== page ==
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...His Majesty - 98%

Orlok666, March 24th, 2012

In the world of black metal Svartsyn are somehow overlooked by many, why this is is beyond me, as they are one of my favorites. The first thing I heard by them was the Arckanum split (which is up there as being one of the best and most essential splits in black metal) and I was very impressed by Svartsyn's side on it. A little later I found this release in a used shop and picked it up. I was impressed at first by the booklet, the band photos are drenched in a mysterious and obscure occultism, and actually serve to really heighten the atmosphere of the album, giving the proper mental framework before putting the record on.

From the beginning we are submerged in a chaotic storm of ice cold riffing. The production is very harsh and uncompromising, guitars are a blaze of distortion, mixing with the very distorted bass which operates as an important factor in the sound. The drumming is organic and compressed sounding, giving it a very unique sound in black metal. What I find is that the sound compresses all the elements together to create one massive sound, which gives the riffing strength when they start to break out and move into epic territory.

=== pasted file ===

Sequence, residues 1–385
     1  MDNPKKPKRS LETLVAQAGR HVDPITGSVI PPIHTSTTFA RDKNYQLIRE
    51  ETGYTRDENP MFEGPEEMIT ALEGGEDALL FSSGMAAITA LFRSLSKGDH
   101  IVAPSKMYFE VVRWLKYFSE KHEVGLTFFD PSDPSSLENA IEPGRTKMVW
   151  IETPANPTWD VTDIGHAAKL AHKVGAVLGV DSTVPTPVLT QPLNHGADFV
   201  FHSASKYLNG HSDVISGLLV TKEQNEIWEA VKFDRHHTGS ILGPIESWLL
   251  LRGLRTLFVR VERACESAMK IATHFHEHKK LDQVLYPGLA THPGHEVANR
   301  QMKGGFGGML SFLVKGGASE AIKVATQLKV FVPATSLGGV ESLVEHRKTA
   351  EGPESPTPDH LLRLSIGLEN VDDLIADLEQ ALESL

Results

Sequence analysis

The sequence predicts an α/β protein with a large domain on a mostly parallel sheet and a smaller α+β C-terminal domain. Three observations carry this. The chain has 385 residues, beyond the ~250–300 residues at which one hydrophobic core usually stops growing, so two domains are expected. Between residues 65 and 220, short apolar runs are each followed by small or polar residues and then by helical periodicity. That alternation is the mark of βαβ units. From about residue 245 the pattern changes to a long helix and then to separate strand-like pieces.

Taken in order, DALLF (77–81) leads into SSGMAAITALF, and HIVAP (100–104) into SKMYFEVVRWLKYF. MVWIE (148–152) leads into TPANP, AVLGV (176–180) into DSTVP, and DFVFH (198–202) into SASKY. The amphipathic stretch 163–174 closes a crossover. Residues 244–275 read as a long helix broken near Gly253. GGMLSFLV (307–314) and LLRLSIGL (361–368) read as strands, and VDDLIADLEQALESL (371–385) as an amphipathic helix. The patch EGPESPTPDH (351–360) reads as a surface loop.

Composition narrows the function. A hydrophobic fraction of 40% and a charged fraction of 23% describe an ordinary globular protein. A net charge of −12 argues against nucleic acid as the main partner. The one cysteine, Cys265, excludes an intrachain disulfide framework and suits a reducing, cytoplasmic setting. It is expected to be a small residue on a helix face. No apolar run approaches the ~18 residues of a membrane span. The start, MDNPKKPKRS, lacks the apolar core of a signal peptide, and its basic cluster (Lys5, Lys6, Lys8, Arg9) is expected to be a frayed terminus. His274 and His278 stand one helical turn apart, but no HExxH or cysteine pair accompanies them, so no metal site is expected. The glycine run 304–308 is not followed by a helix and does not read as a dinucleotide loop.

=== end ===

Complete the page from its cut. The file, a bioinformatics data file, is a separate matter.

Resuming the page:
The vocals are a distorted and highly reverberated and delayed attack, used almost as another instrument and very sparsely. On top of this we have moments where strange sounds and percussive elements bang on top of the instruments creating a ravaged blown out speaker sound similar to some Arckanum releases.